Our rough schedule had included two nights in Naran but after another noisy evening – this time brought on by the two Pakistani raves going off in the grounds of the PTDC Motel Naran, we had a bit of a sleep in followed by a simple breakfast and then packed the bike ready to move on.
Iqbal had suggested that we could cover the 234km from Naran to Gilgit in a day, but yesterday’s ride was about 8 hours long (not including rest stops), and the riding is getting more challenging, so we aimed instead for Chilas, about 110km north of Naran.
As soon as we were back on the road the terrain and landscape changed quite dramatically – the road following the contours of the river, and the mountains rising up high on either side of the valley. Traffic was light – private cars and small coaches the main protagonists. The road was surprisingly good but our average speed was still quite slow – every curve hid an obstacle around it, and there was no time to relax. Waterfalls started to flow across the road surface in many of the bends, quite strongly in places.
Just south of Babusar Pass we pulled over to stretch our legs for a few minutes, and to our complete surprise six adventure bikes appeared from the north, coming to a halt alongside us so we could have a chat. Eric from Seattle was on a BMW identical to ours, the German couple had two well-equipped DR650’s, Mike – the 19 year old Tasmanian on his way to setting a record for being the youngest rider to circumnavigate the world was on an XT660 (I think), and his dad Art was on an old school Triumph, and an English rider.
This group of riders had started from different origins and at different times – Mike and Art have been riding for three years now – but had all met up to share a tour guide through China, entering Pakistan via the Khunjab Pass.
We had a great chat, surrounded by many Pakistani tourists who had pulled over for the chance to snap a few selfies, before they headed south and we continued north.
The road dipped down to the river and we crossed a small rickety bridge before climbing up the steep, unpaved track on the far side. We had a series of switchbacks to negotiate, and we could see the huts and flags on the skyline that heralded the top of the pass, and just before we arrived it started to snow, the temperature dropping to 3 degrees C.
Karen managed to grab a quick photo of the bike beneath the ‘Babusar Pass’ sign before we were ushered to the side by some policemen, keen for us to complete some passport formalities. We took the opportunity to pull out my spare gloves for Karen and also the external panels for her riding jacket as she was freezing in the cold and the snowfall was intensifying.
We were inundated with requests for photos but we were busy trying to get organised, so after a few quick photos with a young couple who had patiently waited whilst we sorted out our gear we were back on the bike and heading down the northern side of the pass. The traffic on this side was extremely light – I was left wondering if Babusar Pass is a destination in itself for many Pakistani’s, as few of them were venturing any further.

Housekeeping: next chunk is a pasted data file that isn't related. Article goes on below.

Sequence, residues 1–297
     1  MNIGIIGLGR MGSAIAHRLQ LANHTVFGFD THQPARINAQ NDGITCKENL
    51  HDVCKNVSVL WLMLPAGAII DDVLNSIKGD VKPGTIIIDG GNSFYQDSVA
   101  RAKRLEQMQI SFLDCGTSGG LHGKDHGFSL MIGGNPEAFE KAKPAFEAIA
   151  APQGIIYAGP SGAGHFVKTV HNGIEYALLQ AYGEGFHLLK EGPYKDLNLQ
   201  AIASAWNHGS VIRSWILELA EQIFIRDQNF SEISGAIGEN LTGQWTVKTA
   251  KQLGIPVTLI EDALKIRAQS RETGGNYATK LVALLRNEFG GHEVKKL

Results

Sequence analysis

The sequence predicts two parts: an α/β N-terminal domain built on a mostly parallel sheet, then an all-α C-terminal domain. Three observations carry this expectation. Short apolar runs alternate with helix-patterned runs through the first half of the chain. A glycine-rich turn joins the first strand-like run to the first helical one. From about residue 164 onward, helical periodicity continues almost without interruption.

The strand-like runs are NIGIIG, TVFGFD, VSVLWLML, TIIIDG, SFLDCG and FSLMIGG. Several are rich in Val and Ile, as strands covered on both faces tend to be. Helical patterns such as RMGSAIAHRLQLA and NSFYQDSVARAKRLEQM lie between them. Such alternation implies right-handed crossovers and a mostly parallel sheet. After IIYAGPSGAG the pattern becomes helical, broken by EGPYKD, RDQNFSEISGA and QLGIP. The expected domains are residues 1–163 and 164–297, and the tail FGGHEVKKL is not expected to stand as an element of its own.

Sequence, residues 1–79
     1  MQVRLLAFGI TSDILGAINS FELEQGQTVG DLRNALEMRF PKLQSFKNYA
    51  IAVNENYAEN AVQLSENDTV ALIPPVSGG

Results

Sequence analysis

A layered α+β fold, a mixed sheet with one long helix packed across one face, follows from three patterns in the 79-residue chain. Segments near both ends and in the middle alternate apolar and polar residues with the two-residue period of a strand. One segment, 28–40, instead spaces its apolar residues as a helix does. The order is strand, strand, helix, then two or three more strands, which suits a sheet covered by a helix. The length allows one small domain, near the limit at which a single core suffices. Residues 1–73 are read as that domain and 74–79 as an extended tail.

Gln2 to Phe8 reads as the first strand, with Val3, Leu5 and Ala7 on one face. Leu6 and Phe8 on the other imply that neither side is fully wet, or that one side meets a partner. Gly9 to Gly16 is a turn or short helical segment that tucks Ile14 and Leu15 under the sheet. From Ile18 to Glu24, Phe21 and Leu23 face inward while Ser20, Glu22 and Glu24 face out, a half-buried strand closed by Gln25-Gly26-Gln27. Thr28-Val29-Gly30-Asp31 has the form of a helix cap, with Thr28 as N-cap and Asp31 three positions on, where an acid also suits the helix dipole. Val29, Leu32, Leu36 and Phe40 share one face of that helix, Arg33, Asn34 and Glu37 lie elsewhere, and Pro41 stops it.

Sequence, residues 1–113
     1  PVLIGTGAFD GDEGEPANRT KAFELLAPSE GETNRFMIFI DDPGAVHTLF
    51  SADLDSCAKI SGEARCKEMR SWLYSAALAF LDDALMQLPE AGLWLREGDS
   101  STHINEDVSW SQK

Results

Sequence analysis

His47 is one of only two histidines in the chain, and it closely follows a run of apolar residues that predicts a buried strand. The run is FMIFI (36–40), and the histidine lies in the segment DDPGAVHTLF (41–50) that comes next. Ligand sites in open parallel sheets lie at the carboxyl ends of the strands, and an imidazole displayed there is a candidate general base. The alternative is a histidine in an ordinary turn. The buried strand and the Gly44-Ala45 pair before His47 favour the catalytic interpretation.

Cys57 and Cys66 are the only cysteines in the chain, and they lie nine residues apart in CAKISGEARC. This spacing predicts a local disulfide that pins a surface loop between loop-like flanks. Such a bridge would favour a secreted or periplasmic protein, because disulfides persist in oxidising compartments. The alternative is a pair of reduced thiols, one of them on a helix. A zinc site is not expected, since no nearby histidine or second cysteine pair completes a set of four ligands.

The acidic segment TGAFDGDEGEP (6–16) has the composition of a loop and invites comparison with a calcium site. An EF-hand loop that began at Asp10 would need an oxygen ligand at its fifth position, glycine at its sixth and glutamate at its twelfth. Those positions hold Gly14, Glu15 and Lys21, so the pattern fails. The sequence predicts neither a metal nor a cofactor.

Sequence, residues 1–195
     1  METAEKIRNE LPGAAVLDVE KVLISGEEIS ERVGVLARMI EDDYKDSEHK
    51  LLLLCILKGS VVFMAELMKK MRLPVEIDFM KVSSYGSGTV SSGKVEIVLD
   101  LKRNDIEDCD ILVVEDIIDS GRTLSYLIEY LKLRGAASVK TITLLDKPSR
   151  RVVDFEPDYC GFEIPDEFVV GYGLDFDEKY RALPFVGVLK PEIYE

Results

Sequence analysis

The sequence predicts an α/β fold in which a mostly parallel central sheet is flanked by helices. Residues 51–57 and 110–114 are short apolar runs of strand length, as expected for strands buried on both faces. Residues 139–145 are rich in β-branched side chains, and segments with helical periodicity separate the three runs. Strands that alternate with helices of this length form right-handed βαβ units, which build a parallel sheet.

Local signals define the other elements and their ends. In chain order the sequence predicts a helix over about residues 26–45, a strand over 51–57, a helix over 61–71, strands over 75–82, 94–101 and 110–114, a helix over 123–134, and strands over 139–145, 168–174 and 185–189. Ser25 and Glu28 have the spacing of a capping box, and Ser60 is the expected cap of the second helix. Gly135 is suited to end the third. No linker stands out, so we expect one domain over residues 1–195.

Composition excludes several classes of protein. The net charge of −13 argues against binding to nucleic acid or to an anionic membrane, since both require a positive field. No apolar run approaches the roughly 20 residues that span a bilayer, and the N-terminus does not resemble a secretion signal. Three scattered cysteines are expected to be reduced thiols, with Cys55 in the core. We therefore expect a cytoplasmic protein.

The road was wet and slippery on the descent, and the landscape became even more rugged and mountainous. There were still villages on this side of the pass, very basic structures that seemed almost built into the side of the mountains. We dropped down to the valley floor and carefully negotiated some rough ground around the construction site for a new bridge. The old rickety bridge was still in use but the approach was more befitting a motocross track.
A bit further on a young man held out an apple as we rode past, so we turned around and returned for the first food we’d had since leaving Naran 4.5 hours previously. The man spoke no English but quickly proffered up another apple, and Karen and I sat on the bike and munched down the juicy apples, chatting with an elderly gentleman who had joined the small group around us. Two soldiers, one standing in the gun turret of an army vehicle watched on, quite amused I think.
The apples had a replenishing affect on the both of us, and we both settled into the last 50km or so, slowly crawling past herds of goats that blocked our path at times. As we rejoined N35 we stopped at the police checkpoint for some quick passport formalities, and then turned left (west) towards Chilas – about 10km down the road.
The first hotel we stopped at upon entering Chilas – the Pakistan Hotel – had no rooms, but we weren’t that phased as they had no security for the bike either. The next hotel – the North View – was quite basic, but they were also cheap and could accommodate both us and our bike. We unloaded, got changed, and then had a wild ride in a freelance taxi to another part of Chilas so we could get some rupee out of an ATM. It took three different ATM’s before we were successful, and it was a bit tense at times as the ATM’s were located in a tribal area of Chilas not usually visited by Westerners, but we completed our mission successfully and the biggest danger we faced was an MVA at the hands of Chilas’ #1 wanna-be rally driver.
Back at our hotel – one floor up and on the street front so we can enjoy all the sounds, it’s time to catch up with photos and videos and blogs. We have no power and the sun is setting behind a blanket of clouds, hopefully we’ll get some power tonight and be able to recharge some gear.
Whilst it was a short ride today it was still long enough in terms of time and distance, and the big bike proved itself time and again to be fantastic at carrying the two of us and all our gear over some pretty crappy roads. I’m pleased we fitted the new tyres in Islamabad a couple of days ago – you can’t beat a set of new Continental TKC80’s !!!